The backdrop of the discussion, almost six months after the White House changed administrations, was to talk about the importance of free speech in its most literal definition. The freedom to tell stories in specific context of their experiences as African authors, with largely White audiences, was a resounding theme of the evening.
“I don’t think as myself as an immigrant in U.S., I think of myself as a Nigerian who lives in America.” Adichie said when responding to her post-election New Yorker essay “Now Is the Time to Talk About What We Were Actually Talking About”.
“I grew up under military dictatorship… So growing up in that political space. We had a really big house and a large yard. And the doors were closed and my parents were whispering, because we were talking about the government. And I remember thinking, ‘Why are they whispering?’ And it stayed in my mind as an example of what it means to live in a dictatorship. And having come here I very quickly realized America’s democracy has not ever really been tested.”
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Adding, “I think because of that there’s a kind of complacency that can result. And so when the person who’s president was elected, I was struck by how very quickly people.. sort of this rush to try and find the bright side. People started talking about his strategy, which were unhinged rantings… It showed this incredible American discomfort, with discomfort. Americans don’t like to be uncomfortable and I think it’s linked to this optimism.”
Adichie and Noah went on to talk about how America was perceived growing up in the Motherland versus their experiences living and working here. Like Adichie, Noah released a book detailing his experience as an African, but in Johannesburg as a mixed-raced child in, “Born a Crime: Stories from a South African Childhood”.
While Noah has been criticized for having an optimistic perspective of President Donald Trump’s win to office, he didn’t mince words about resisting.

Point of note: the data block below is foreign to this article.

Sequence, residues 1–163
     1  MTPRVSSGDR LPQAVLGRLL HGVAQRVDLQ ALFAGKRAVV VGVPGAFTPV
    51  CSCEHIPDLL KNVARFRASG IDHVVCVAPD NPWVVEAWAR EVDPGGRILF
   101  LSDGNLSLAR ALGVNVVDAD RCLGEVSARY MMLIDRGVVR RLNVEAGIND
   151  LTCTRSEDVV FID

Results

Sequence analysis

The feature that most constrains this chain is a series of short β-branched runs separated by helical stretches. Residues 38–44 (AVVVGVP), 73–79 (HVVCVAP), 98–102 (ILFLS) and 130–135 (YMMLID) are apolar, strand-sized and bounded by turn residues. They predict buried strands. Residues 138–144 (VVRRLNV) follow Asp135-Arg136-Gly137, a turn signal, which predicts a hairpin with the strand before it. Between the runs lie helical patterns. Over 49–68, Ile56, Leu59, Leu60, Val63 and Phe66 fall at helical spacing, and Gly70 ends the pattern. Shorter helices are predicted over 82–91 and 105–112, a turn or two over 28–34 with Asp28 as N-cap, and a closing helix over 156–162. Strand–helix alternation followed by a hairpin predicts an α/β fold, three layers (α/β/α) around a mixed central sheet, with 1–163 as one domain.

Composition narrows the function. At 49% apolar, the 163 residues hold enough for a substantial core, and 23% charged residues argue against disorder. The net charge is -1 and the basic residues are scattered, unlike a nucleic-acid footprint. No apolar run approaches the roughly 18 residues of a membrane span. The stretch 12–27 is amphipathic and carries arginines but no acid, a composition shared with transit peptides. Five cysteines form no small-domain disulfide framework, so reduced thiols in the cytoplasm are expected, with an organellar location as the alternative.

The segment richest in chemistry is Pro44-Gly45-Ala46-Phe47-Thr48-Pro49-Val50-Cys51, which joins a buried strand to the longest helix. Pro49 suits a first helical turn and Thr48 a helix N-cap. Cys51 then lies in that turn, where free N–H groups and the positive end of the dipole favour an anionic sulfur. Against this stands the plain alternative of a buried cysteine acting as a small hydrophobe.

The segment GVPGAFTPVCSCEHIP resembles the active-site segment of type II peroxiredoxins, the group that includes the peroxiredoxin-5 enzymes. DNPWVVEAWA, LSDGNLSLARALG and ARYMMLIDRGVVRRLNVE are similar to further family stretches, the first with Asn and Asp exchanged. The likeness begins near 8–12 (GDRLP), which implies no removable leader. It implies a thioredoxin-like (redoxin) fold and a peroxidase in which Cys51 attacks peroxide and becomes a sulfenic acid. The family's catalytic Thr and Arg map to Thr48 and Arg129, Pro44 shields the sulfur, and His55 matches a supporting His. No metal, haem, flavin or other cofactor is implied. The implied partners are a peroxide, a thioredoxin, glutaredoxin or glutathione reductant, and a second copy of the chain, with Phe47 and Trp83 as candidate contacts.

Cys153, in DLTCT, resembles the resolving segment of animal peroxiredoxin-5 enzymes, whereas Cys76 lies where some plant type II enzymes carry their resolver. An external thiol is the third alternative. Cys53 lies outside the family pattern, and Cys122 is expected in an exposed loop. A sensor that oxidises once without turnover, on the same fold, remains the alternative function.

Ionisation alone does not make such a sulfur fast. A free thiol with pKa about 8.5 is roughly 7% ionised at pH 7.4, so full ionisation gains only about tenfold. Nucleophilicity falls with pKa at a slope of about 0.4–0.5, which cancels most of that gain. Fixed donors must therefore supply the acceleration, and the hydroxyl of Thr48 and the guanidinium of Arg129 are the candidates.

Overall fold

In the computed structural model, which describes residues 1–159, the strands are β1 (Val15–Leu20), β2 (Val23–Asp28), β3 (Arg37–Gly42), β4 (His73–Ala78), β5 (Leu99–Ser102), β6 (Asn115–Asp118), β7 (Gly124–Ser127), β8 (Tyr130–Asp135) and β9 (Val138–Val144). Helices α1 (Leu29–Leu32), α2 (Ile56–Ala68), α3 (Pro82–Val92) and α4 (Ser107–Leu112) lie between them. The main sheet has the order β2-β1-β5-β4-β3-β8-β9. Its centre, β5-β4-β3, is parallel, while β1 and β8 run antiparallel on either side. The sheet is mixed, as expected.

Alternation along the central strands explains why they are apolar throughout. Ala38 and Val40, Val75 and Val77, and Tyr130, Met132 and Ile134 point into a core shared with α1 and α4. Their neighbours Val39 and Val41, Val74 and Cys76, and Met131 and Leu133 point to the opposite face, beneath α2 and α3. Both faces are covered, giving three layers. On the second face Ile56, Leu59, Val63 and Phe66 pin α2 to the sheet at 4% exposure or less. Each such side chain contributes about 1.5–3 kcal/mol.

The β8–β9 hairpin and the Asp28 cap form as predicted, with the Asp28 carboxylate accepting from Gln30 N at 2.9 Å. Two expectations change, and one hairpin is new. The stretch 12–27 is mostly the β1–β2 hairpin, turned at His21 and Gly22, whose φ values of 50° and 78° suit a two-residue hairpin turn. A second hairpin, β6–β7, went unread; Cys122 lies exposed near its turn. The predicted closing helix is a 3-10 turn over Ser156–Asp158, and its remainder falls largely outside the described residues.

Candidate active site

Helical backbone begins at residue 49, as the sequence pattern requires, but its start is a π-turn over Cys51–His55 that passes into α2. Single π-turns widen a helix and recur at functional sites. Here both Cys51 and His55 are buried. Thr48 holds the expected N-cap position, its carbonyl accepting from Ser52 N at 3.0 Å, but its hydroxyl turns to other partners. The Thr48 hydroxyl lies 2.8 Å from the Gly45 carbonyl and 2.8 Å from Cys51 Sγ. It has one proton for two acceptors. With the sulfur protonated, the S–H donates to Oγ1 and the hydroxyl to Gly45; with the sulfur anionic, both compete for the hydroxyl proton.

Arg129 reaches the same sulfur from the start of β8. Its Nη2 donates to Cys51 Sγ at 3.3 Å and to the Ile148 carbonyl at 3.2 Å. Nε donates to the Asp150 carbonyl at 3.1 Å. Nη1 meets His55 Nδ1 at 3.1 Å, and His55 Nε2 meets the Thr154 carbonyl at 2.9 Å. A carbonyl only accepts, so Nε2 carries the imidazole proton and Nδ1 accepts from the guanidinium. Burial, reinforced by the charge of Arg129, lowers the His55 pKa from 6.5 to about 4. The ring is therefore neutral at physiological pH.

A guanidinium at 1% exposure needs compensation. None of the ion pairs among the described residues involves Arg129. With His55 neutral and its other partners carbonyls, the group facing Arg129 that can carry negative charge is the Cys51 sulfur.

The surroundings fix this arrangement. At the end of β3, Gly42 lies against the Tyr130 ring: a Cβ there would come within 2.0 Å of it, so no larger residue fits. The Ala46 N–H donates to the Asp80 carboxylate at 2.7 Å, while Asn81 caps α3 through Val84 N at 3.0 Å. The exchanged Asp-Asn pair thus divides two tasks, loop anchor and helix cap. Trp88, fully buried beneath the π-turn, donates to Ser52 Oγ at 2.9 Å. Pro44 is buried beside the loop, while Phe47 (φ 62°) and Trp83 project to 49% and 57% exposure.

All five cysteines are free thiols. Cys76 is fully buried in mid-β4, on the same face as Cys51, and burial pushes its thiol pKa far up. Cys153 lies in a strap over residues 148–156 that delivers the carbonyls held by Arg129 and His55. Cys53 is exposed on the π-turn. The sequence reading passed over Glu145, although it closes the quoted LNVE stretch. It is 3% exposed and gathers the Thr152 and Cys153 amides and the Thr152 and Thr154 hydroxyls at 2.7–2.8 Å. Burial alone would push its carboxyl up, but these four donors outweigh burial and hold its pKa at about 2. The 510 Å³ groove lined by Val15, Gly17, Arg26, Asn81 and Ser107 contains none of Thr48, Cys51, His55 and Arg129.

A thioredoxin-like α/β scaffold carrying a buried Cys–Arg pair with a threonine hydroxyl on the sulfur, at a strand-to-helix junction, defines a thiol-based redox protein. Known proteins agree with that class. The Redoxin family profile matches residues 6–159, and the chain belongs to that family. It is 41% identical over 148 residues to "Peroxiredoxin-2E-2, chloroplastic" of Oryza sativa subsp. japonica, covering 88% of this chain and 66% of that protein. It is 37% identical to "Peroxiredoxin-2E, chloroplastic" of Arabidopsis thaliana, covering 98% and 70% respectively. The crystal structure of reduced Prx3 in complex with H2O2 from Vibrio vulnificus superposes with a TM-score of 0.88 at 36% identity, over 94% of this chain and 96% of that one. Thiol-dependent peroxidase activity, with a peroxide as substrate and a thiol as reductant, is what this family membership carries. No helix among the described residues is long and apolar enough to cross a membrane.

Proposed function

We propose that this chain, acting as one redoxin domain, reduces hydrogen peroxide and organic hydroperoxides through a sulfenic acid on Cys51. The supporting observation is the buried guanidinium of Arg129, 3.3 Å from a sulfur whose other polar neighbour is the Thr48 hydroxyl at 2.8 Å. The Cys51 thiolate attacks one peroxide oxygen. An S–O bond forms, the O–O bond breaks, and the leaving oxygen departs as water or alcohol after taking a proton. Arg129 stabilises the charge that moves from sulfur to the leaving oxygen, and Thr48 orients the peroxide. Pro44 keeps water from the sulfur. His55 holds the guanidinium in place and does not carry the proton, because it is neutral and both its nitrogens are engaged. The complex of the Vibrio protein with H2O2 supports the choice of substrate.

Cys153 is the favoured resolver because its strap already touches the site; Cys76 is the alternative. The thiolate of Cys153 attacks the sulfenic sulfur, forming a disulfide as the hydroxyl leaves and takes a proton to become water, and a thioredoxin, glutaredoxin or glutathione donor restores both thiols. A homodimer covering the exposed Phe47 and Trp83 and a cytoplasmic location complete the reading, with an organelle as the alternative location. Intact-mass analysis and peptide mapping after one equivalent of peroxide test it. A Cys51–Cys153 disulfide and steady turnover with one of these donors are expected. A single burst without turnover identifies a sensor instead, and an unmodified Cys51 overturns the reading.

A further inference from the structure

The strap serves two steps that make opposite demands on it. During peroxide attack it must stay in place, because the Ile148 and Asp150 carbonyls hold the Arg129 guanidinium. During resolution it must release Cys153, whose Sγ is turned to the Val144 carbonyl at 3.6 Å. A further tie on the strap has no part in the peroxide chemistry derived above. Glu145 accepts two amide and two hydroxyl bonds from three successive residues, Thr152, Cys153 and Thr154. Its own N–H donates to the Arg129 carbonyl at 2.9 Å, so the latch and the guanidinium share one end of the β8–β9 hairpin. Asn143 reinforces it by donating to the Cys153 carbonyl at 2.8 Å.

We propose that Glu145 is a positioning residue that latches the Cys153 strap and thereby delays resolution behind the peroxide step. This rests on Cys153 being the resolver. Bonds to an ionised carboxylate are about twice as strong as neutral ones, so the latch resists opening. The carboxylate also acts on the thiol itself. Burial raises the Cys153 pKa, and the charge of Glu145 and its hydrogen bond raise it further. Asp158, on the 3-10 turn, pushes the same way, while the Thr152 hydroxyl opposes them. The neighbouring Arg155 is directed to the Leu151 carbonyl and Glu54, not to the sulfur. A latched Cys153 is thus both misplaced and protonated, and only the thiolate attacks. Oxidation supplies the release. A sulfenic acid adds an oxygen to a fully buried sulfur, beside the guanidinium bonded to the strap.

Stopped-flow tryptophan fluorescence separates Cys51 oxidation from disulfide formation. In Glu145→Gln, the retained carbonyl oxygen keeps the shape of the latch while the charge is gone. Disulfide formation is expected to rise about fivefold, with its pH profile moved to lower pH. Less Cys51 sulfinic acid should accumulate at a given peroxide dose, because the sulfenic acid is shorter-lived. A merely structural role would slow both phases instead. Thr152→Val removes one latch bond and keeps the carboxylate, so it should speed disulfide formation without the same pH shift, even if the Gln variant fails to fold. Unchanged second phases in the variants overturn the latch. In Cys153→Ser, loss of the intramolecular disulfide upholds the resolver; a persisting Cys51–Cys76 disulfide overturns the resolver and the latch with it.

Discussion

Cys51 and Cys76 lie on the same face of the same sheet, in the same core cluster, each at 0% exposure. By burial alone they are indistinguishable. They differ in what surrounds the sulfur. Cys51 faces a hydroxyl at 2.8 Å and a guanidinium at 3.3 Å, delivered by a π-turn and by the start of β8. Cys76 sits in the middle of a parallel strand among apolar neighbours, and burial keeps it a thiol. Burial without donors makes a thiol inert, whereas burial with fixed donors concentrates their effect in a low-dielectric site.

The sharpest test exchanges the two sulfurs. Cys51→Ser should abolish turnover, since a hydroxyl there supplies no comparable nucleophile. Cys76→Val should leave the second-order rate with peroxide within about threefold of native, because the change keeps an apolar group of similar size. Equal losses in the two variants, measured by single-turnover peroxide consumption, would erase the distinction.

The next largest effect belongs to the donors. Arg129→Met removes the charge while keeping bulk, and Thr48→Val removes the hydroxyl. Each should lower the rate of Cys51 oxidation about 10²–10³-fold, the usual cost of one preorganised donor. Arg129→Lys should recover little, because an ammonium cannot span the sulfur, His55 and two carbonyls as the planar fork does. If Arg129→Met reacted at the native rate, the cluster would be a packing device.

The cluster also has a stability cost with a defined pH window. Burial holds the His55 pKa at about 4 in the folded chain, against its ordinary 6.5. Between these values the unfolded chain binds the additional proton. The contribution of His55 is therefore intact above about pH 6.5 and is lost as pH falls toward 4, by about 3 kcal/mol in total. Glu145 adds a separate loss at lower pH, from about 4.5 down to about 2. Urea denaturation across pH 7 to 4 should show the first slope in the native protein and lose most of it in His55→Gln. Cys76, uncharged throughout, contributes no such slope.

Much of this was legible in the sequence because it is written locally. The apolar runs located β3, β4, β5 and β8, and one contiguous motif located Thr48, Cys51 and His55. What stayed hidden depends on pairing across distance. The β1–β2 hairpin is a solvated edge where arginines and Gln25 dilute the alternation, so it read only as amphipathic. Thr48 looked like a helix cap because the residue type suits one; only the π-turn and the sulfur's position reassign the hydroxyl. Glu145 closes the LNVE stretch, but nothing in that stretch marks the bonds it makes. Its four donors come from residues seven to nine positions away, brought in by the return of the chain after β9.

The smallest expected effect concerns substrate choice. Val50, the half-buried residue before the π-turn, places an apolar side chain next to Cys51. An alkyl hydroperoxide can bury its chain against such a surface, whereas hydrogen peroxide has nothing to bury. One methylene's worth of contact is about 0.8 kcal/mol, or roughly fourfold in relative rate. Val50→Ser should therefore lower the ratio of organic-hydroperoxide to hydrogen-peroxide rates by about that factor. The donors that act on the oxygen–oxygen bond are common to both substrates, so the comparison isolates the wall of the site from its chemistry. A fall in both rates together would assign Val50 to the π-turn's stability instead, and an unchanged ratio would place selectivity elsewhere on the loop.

“Where I differ slightly from Chimamanda is that I agree with the aspiration. I don’t think that negates the ability of a nation or people, to take multiple steps backwards,” Noah said.
He went on to reveal that having grown up with charismatic but vapid political leaders, he saw early on that Trump had the potential to win— but his focus is to unite people in not being fooled into letting it happen again.
“I struggled to hold on to the narrative that there shouldn’t be optimism because I look at numbers. I still have to look at and acknowledge how most Americans voted for Hillary. I don’t think it will rain forever, so it’s time to figure out how to patch the leak in the roof.”
In addition to politics they also talked about their books, acquiescing to global audiences (they don’t) and Noah’s amazing mother who he talks about in the book.
“Let’s talk about Trevor’s mother,” Adichie said. “Trevor’s mother is such a remarkable woman. Oh my goodness! I want to meet her, I’m in awe of her. Seriously, I just think you’re so fortunate.”
“I read your book and something she said that was so powerful was, ‘I choose to have you.’ And that fact that she’s an ordinary Black South African woman who found something in herself to make this incredible, extraordinary decision… there’s nothing more beautifully feminist than that.”